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Transferring and Constructing Knowledge: Designing an STC
This article describes the design and benefits of a Science and Technology Center (STC)- based workshop sponsored by the National Science Foundation (NSF). The topic in this case was hydrologic literacy in teaching issues and concepts concerning semi-arid hydrology in the Southwest, as defined by educators and scientists associated with Sustainability of semi-Arid Hydrology and Riparian Areas (SAHRA). Participants concluded that a science workshop designed to explicitly combine science content and inquiry-based pedagogy is beneficial, but learning new content is not a guarantee that it will be used in the participants' science curricula. To increase chances for teachers to alter practice, workshops must model new pedagogy while teaching new content, and instructors must be very explicit about how new teaching techniques were used to teach new content.
Intended for grade levels:
  • Graduate / Professional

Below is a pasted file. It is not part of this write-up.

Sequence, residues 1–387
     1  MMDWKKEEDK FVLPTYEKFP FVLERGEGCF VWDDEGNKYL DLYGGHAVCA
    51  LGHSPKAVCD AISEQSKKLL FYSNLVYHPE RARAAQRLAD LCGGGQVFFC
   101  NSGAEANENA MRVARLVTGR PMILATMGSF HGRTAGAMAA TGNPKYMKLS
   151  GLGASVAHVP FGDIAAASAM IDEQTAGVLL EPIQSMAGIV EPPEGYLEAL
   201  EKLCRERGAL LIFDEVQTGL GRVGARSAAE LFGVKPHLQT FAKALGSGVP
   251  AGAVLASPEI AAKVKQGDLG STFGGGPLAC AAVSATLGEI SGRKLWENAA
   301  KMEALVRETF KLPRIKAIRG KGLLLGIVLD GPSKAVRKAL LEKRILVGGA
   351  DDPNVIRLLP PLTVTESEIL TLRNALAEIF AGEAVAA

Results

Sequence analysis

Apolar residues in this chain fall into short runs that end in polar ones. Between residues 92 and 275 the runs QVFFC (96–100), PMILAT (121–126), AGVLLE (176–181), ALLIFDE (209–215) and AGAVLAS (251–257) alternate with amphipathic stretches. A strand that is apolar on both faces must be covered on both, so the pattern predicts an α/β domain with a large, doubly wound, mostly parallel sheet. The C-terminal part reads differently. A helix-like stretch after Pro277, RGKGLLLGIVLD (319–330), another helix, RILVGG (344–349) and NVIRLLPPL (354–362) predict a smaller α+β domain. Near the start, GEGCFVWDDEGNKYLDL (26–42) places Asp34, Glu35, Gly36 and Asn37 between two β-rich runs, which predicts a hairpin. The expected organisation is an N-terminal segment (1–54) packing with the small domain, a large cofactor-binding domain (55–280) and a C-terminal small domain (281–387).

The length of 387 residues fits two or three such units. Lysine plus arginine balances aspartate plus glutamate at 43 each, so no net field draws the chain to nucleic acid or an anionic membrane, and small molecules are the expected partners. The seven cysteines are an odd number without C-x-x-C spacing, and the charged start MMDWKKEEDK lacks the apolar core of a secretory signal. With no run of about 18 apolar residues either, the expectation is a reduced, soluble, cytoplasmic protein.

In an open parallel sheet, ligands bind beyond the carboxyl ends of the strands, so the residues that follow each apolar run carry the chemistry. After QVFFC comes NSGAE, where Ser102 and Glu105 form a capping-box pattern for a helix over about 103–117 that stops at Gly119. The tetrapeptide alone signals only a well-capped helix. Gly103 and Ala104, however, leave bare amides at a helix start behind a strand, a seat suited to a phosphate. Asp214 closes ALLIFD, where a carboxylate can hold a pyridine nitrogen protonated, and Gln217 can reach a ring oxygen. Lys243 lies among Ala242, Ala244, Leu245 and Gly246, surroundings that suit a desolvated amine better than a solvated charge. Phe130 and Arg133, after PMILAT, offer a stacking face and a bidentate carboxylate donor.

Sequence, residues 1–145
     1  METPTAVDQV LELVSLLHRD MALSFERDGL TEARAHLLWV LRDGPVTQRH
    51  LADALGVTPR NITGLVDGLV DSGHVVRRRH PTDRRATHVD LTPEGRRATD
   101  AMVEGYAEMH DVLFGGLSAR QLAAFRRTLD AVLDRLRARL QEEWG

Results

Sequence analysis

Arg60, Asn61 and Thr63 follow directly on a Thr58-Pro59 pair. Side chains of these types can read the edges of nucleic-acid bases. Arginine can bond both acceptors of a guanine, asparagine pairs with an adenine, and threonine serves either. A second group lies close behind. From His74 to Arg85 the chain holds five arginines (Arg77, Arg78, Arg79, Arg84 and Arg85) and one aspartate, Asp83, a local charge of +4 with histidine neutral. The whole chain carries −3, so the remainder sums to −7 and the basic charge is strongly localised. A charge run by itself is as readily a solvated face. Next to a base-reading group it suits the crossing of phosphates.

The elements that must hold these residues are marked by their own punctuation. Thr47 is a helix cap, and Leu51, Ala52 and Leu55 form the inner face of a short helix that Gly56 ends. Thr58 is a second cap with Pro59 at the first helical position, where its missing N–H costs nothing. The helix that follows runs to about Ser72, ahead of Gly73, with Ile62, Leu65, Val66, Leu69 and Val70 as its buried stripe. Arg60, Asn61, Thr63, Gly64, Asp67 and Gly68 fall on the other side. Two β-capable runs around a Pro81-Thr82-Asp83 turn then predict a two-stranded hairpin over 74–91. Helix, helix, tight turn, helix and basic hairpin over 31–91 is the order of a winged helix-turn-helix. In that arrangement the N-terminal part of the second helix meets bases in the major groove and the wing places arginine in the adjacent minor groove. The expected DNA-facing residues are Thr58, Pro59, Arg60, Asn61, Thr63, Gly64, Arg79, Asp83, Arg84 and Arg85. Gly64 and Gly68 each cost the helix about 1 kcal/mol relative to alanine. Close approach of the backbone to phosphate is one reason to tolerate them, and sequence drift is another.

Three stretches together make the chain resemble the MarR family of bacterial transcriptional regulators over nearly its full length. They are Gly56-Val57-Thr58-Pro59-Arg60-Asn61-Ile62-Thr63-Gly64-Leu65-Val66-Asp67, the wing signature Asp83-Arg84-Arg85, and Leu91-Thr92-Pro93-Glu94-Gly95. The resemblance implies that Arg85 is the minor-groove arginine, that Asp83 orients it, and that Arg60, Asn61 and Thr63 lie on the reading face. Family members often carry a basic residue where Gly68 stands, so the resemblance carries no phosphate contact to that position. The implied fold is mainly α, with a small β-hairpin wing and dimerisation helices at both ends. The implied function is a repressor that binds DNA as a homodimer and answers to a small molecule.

Type of resource:
  • Text:
    • Journal article
  • Educational theory and practice
  • Hydrology
Technical requirements:
Adobe Acrobat reader
Cost / Copyright:
No cost
We encourage the reuse and dissemination of the material on this site for educational, noncommercial purposes as long as attribution is retained.
DLESE Catalog ID: EVAL-TLKT-000-000-000-127
Related resources:
This resource is referenced by
Resource contact / Creator / Publisher:
Publisher: National Association of Geoscience Teachers (NAGT)
Journal of Geoscience Education (JGE)

Author: Steven M. Uyeda
Department of Hydrology and Water Resources
University of Arizona

Author: Julie A. Luft
Science and Mathematics Education Center
University of Texas, Austin

Author: John Madden
Mountain View High School

Author: Jim Washburne
Department of Hydrology and Water Resources
University of Arizona

Author: Lindy A. Brigham
Department of Plant Pathology
University of Arizona